Hamtramck Resident Bill Meyer: Muslim community saved the businesses

Q & A with Bill Meyer

By The Yemeni American News


The Yemeni American News decided to sit down and interview Hamtramck resident Bill Meyer. Mr. Meyer moved to Hamtramck in 1999 and has lived there since. He has been a musician all his life. He is also a peace and justice activist. He is the founder of the community organization called OneHamtramck. Mr. Meyer was also the Chair of Human Relations Commission in Hamtramck for five years.

We decided to do a Q & A with Mr. Meyer to hear his thoughts on some of the topics that are currently happening in his hometown of Hamtramck.


Q: What are your thoughts on the two mayoral candidates (Current Mayor Karen Majewski and challenger Mohammed Hassan) who are running for the election in November?

A: Well first of all, the OneHamtramck organization doesn’t endorse political candidates. However, I was hoping for change in the leadership in the city because I know the limitations of what’s going on right now. For the last 12 years we really haven’t advanced in areas where we need to advance. Beautiful words, great speeches, and representing the city is not enough. You have to make active attempts to bring justice and fair representation into the city.


As for Hassan, I don’t know if he’ll be a good mayor or not. I really don’t know. He has to be able to work with everybody and communicate well. He’s qualified in the financial area and has more experience in that area than our current mayor. But I’m not going to take stands on any one of them at this point.


Q: What is your overall view of Hamtramck and how this city is being run?

A:   Well first of all, I love Hamtramck. I love it for its diversity and for its people. I’ve had many great experiences here. People thought we were nuts when we moved back here from the suburbs. But this city is a better example of what the world is like out there because of its diversity.


As for how this city is being run, we can’t continue to cover up the problems and gloss it over like it was never there. The mayor ignores the other half of the picture of the problems that are going on in the city. I can’t go a block into the city without hearing stories about how they are being mistreated because of their ethnicity or religion. People talk to me because they know I am apart of an organization that defends people against discrimination.


Q: What is your solution for Hamtramck in terms of unifying its people?

A: You can solve the problems in different levels. You can go to the city hall and change laws to make it fair for everybody in the city. You can change laws in the state to make it more fair for everybody in the state. You can solve problems in the national level, and try to get a president that actually represents and wants to support everybody.


Q: Do you feel that Hamtramck is segregated?

A: On the surface, Hamtramck is considered the land of diversity. Which is great because you have to start with diversity first. But that’s not enough. Hamtramck is also divided in many ways. People may talk one way when they are in front of you, but they’ll go back in their houses and talk bad about your style or your religion because it’s not like yours. That happens not only in Hamtramck, but all over the place. We got that seriously here because there is so much diversity. I think overall, our city is dealing with diversity in safe ways.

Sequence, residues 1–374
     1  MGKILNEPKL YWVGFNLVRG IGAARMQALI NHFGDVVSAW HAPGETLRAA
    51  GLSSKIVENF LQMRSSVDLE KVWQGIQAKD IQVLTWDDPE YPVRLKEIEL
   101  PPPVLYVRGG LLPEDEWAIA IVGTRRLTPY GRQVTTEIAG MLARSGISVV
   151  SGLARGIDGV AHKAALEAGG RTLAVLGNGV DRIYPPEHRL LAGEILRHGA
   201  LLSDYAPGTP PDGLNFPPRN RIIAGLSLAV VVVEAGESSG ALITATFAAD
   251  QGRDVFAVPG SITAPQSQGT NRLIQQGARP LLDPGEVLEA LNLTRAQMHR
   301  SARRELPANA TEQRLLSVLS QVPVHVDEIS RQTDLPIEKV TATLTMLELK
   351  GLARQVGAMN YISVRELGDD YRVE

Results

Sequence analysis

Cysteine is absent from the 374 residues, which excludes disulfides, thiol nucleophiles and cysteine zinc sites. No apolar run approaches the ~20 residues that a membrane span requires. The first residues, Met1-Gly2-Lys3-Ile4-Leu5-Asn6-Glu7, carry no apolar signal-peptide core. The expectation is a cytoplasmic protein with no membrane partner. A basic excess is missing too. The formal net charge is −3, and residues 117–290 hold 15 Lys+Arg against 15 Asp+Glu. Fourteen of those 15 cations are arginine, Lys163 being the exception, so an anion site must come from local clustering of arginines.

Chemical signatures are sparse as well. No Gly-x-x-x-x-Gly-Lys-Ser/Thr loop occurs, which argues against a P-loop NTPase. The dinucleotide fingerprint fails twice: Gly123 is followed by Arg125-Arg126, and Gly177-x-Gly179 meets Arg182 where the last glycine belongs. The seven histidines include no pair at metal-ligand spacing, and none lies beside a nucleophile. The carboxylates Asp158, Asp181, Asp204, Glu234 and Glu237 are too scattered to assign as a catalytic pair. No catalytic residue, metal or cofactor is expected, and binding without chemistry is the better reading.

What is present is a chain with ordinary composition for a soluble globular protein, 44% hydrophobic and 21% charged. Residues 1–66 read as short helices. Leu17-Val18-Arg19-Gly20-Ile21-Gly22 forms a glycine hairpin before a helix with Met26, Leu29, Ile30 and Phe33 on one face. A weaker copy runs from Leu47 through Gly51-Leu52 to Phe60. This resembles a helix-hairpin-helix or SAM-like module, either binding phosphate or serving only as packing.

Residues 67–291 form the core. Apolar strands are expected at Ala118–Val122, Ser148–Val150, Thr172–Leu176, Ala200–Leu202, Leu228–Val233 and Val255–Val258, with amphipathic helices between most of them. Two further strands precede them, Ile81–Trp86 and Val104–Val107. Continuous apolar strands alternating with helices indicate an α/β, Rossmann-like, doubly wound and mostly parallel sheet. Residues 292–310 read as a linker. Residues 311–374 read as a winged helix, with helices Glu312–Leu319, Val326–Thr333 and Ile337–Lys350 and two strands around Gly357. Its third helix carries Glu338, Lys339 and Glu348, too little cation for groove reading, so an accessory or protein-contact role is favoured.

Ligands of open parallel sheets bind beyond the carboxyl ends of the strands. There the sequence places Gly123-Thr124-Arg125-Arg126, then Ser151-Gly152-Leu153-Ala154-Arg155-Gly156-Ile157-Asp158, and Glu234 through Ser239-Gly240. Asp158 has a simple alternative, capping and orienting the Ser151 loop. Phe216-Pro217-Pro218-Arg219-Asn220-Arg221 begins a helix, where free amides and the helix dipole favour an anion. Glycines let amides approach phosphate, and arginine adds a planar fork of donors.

Q: What is your hope for the future of Hamtramck?

A: My hope for humanity and not just Hamtramck is I hope we find a way to create safety, security, peace and love for each other. I hope that we find a way to live with no fear, with no poverty, no disease, no war. I believe changes have to be made on a state and national level as well as locally. We can solve our local problems to some degree, but it’s a much bigger issue than just Hamtramck. We have to first of all find a way to involve the non-white community in government. City Hall says, “We can’t find qualified educated people,” well they have to.


Q: Any final thoughts?

A: I am just one person with one opinion. Everyone else in the city has an opinion. Everyone’s opinion should be heard and listened to respectfully. I am not saying that I have the answers; we have to find answers collectively. We have to find a way to talk and respect each other on an equal level.


In the meantime, we need a more humane system in the world. Where people see that you are having a problem and you help them. Now I see that in the Muslim community in Hamtramck more than anywhere else. That’s why I appreciate the Muslim presence in Hamtramck because they offer a better attitude with how to deal with issues. We can learn a lot from the Muslim community. To be honest, I think it is the Muslim community that has saved Hamtramck. They saved the businesses here, they’re paying the taxes, but they are not given the power to do things. We have to hire non-whites to positions of authority, especially in a city with a vast majority of non-whites. We need to be conscious of fair representation. Then they all can work together. If that can happen, then I will be thrilled.


Hamtramck resident Bill Meyer is the founder of the organization called OneHamtramck.